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Spider Vein Treatment

Known also as telangiectasias, spider veins are thin blood vessels that are blue, red or purple in color. They often appear on the surface of the skin, mainly on the face (nose and cheeks) or legs (thighs, calves and ankles). On occasion, they develop elsewhere. Spider veins are given their name because they take on the shape of a spider web, whereby the veins branch out in various directions from a central location. While spider veins are typically treated for cosmetic reasons, there are times where these veins can cause symptoms like night cramps, fatigue, swelling, itching, burning or aching. 

Diagnosing Spider Veins

Since spider veins may signal an underlying circulatory problem like venous insufficiency,  your vein specialist may order imaging studies to help diagnose any potential underlying conditions. These tests are also performed in order to evaluate valve function, understand your valve structure, determine if blood clots are present in the veins and assess the amount of blood that is flowing back into the legs. A physical exam and questions about your symptoms are also in order, and are the first steps your vein specialist will take. All of this information will be used to help your vein doctor choose the proper course of treatment.

Treating Spider Veins

Should an underlying medical condition exist, your doctor will take measures to treat that condition before addressing the cosmetic aspect of your spider veins. When treatment of the spider veins does occur, it will consist of one or both kinds of spider vein therapies.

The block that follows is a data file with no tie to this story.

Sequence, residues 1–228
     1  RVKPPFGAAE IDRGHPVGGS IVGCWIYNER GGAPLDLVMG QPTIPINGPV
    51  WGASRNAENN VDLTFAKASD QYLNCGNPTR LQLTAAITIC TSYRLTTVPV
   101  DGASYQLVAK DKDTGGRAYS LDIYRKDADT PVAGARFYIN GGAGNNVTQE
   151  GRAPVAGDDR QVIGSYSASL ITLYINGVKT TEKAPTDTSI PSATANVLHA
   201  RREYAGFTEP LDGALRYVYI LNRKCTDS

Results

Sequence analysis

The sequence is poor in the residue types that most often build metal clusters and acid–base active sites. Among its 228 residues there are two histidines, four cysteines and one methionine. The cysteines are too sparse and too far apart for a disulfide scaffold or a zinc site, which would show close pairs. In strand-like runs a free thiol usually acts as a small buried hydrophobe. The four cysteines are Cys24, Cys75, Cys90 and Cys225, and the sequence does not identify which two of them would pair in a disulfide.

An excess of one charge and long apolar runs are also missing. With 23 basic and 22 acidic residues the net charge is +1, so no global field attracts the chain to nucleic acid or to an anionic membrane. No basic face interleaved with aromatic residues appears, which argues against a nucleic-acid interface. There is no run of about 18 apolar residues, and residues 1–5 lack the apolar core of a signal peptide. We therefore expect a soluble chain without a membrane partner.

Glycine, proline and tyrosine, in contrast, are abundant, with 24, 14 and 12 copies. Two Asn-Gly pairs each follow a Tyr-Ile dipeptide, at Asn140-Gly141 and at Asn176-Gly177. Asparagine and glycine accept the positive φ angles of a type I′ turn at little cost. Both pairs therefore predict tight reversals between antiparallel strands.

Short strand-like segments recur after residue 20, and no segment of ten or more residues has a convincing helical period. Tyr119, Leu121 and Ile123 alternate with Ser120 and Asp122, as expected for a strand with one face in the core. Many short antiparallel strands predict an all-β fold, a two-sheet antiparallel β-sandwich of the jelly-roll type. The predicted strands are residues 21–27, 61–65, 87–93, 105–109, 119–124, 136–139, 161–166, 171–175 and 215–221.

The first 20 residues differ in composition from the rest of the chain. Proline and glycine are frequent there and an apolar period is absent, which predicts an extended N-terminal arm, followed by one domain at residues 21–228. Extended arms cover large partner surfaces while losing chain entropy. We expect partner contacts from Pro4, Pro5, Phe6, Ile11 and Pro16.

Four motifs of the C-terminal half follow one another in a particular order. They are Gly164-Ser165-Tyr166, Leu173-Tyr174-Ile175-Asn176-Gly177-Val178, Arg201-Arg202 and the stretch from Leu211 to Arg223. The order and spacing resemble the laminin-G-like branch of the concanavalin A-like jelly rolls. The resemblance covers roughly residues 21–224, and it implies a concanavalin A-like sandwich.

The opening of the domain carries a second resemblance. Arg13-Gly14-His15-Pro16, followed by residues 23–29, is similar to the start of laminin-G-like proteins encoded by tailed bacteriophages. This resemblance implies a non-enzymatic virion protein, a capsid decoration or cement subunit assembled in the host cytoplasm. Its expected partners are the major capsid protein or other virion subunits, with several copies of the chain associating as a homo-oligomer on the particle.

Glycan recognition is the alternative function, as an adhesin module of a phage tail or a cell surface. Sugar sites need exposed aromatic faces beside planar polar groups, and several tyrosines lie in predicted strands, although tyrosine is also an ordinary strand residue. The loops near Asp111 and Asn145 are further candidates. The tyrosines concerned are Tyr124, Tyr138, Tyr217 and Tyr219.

Sclerotherapy – the doctor will inject a chemical solution into the vein using a very thin needle. This will cause the lining of the vein to become inflamed and harden into scar tissue. The scarred tissue closes off the vein and is later absorbed by the body. The absorption process causes the vein to shrink, making it no longer visible at the surface of the skin. To make up for the loss of the vein, blood is sent to the heart via healthy, functioning veins found deeper within the venous system. For the 10 percent of patients whose bodies do not respond to sclerotherapy, laser treatment may be a more effective alternative.

Laser and light treatment – a high-intensity beam of light is directed at the spider veins, causing them to heat up. The heat damages the blood vessel walls, which triggers the veins to shrink and disappear over time. This particular treatment is best for facial veins, and while it can be used on other areas of the body, it is not typically used on the legs. 

With both treatments, results may take several weeks. Regarding self-care after your procedure, your vein specialist may advise you to wear compression stockings, elevate your legs and do light exercises. All of these tactics help minimize symptoms and prevent the development of new spider veins.

Innovative Vein

10523 E. 21st. St. N
Wichita, KS
(316) 444-1298